California’s fiscal outlook continues to worsen. Concern is now mounting over the impact the state’s budget deficit will have on education funding.
The California Teachers Association along with State Superintendent of Public Instruction Jack O’Connell claims California’s per-pupil funding now ranks 47th nationally. In reality, most experts agree California is around the middle of the pack when it comes to school funding, including the CTA’s own parent organization, the National Education Association.
But what matters to most California parents isn’t how much other states are spending – it’s the results their children’s school districts are getting compared to other school districts right here in California.
And on that front, California is doing poorly. It’s not because there’s too little funding. It’s because the state’s school financing system is illogical and inequitable.
The California School Finance Center database – a new project from the Pacific Research Institute and Just for the Kids-California that compiles data from a dozen California Department of Education sources – helps shed some much-needed light on this reality.
The data show some glaring discrepancies among similar school districts. In Santa Clara County, for instance, a majority of students in both the Mountain View Whisman and San Jose Unified school districts scored proficient in English and math on the California Standards Test. Yet the San Jose Unified district receives over $2,000 more per student – $13,276, compared to Mountain View Whisman’s $11,271. Despite less funding and 72 percent more English learners, more Mountain View Whisman students achieved proficiency than San Jose Unified students.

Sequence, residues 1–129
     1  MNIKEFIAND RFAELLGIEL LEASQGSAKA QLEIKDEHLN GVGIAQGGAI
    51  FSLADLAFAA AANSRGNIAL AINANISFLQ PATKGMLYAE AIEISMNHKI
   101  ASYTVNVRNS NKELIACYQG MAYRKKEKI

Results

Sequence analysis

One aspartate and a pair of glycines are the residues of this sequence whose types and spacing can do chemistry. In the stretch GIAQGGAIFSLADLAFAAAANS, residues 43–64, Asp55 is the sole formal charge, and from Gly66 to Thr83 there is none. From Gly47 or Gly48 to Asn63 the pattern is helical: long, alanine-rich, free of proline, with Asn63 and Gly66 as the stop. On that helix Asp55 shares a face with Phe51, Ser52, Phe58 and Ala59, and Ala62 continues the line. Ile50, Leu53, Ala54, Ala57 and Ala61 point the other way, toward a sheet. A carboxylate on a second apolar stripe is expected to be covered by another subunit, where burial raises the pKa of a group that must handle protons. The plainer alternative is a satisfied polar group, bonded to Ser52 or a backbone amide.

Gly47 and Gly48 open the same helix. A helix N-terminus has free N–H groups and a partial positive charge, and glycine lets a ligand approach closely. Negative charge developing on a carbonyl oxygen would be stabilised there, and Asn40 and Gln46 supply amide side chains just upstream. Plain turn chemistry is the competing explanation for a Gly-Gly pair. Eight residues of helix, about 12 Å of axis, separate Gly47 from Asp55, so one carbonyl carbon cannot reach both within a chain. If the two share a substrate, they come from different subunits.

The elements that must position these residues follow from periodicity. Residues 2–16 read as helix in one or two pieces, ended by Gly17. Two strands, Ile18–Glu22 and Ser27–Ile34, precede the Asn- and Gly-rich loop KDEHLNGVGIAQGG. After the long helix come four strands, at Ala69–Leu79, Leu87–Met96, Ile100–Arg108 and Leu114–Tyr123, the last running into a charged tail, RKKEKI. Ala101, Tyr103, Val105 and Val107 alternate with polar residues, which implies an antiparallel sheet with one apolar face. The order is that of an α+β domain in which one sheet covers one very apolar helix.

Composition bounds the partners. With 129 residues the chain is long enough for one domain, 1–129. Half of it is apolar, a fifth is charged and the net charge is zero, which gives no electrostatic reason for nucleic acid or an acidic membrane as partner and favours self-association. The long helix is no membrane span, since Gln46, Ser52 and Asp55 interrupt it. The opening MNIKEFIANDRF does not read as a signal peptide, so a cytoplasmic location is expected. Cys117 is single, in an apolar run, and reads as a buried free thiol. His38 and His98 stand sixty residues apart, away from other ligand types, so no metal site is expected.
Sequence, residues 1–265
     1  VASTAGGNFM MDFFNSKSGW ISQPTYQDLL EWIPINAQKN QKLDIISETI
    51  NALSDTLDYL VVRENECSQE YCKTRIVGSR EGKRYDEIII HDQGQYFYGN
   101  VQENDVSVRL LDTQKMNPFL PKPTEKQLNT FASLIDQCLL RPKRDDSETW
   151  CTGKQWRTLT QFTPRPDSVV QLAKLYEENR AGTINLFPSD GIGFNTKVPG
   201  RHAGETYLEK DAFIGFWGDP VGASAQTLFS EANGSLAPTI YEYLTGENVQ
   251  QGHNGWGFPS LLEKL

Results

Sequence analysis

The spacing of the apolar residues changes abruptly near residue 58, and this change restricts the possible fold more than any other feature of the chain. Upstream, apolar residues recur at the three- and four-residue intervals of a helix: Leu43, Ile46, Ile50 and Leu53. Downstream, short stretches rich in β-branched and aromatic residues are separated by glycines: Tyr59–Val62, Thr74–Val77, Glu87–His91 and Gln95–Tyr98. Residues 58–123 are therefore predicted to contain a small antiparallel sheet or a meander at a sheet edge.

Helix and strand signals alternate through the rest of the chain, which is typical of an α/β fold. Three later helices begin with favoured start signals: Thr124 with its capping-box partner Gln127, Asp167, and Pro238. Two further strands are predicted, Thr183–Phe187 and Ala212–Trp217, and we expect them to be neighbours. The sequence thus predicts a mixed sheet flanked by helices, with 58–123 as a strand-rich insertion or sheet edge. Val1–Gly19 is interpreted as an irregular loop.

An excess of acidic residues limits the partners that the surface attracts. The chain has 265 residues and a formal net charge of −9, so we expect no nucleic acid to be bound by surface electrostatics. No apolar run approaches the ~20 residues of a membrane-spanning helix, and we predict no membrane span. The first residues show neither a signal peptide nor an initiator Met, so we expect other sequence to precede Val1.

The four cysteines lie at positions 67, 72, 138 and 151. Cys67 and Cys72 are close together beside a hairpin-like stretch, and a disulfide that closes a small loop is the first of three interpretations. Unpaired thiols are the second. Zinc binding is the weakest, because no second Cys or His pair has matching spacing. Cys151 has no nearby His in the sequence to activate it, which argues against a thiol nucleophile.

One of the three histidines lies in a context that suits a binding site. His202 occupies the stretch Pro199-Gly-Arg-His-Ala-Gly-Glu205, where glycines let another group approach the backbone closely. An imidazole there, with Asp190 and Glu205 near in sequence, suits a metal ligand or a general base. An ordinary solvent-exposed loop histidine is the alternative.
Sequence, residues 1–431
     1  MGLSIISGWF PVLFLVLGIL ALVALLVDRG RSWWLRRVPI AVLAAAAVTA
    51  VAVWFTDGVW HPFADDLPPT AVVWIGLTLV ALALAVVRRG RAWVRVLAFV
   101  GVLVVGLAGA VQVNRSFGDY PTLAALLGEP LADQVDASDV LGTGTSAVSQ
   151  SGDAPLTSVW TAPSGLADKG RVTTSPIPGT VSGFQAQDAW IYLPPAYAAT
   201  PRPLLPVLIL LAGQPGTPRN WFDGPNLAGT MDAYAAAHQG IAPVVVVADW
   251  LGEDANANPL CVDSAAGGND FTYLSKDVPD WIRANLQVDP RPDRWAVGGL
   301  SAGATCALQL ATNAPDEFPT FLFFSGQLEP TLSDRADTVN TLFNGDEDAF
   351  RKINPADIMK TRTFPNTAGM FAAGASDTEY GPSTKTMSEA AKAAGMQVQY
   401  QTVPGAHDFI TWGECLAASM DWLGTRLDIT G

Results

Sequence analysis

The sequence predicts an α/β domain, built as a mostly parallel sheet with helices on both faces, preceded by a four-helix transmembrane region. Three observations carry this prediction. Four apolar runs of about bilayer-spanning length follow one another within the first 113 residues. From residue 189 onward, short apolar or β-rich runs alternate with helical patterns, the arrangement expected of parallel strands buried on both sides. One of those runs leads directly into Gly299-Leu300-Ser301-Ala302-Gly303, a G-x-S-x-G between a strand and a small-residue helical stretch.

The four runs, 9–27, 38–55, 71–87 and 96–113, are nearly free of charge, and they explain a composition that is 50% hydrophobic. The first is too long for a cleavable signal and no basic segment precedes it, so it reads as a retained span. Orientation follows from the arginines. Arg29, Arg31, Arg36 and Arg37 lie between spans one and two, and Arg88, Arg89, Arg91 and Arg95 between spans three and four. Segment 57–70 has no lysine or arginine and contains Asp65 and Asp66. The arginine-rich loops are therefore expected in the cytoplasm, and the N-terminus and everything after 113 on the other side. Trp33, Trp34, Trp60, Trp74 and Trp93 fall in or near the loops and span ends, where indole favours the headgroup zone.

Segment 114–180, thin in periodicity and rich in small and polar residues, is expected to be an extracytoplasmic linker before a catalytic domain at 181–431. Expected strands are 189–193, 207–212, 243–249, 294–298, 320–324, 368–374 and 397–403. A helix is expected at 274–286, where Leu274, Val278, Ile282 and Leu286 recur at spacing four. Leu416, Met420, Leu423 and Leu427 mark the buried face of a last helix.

Conventional wisdom suggests that districts with more money perform better – but that’s not always the case.
Santa Clara County parents and taxpayers are entitled to wonder why their school districts may be receiving more money for inferior results. So are other Californians.
Statewide, school districts where a majority of students are not proficient outnumber those where a majority are proficient by about three to one. In fact, average student proficiency rates in English and math at the state’s bottom 20 revenue districts, which average $8,900 in funding per student, are actually higher than proficiency rates at the top 20 revenue districts, which average more than $19,200 per student.
State and local per-student funding should also be higher in districts that enroll children whose educational needs make them more expensive to educate, like low-income students or English-learners. Yet on average, state and local funding actually decreases as the proportions of these children increase.
Such funding disparities can translate into hundreds of thousands of dollars less for classrooms with the greatest need for additional teachers, books, and intensive instruction programs.
Money does matter when it comes to public school performance, but just as important is how effectively that money is used. With the database, it is now easier to identify which public school districts and charter schools are making the most of every education dollar and emulate their success.
Vicki E. Murray, Ph.D., is associate director of Education Studies at the Pacific Research Institute in Sacramento. The California School Finance Center database developed by PRI and Just for the Kids-California is accessible at schoolfinancecenter.org.